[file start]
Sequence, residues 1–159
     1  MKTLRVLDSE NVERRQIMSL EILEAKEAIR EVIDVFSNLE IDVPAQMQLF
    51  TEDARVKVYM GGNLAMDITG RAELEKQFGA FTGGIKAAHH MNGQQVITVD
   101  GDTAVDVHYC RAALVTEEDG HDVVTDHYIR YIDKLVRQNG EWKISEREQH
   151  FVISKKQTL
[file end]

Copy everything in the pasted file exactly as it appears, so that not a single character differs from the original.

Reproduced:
Sequence, residues 1–159
     1  MKTLRVLDSE NVERRQIMSL EILEAKEAIR EVIDVFSNLE IDVPAQMQLF
    51  TEDARVKVYM GGNLAMDITG RAELEKQFGA FTGGIKAAHH MNGQQVITVD
   101  GDTAVDVHYC RAALVTEEDG HDVVTDHYIR YIDKLVRQNG EWKISEREQH
   151  FVISKKQTL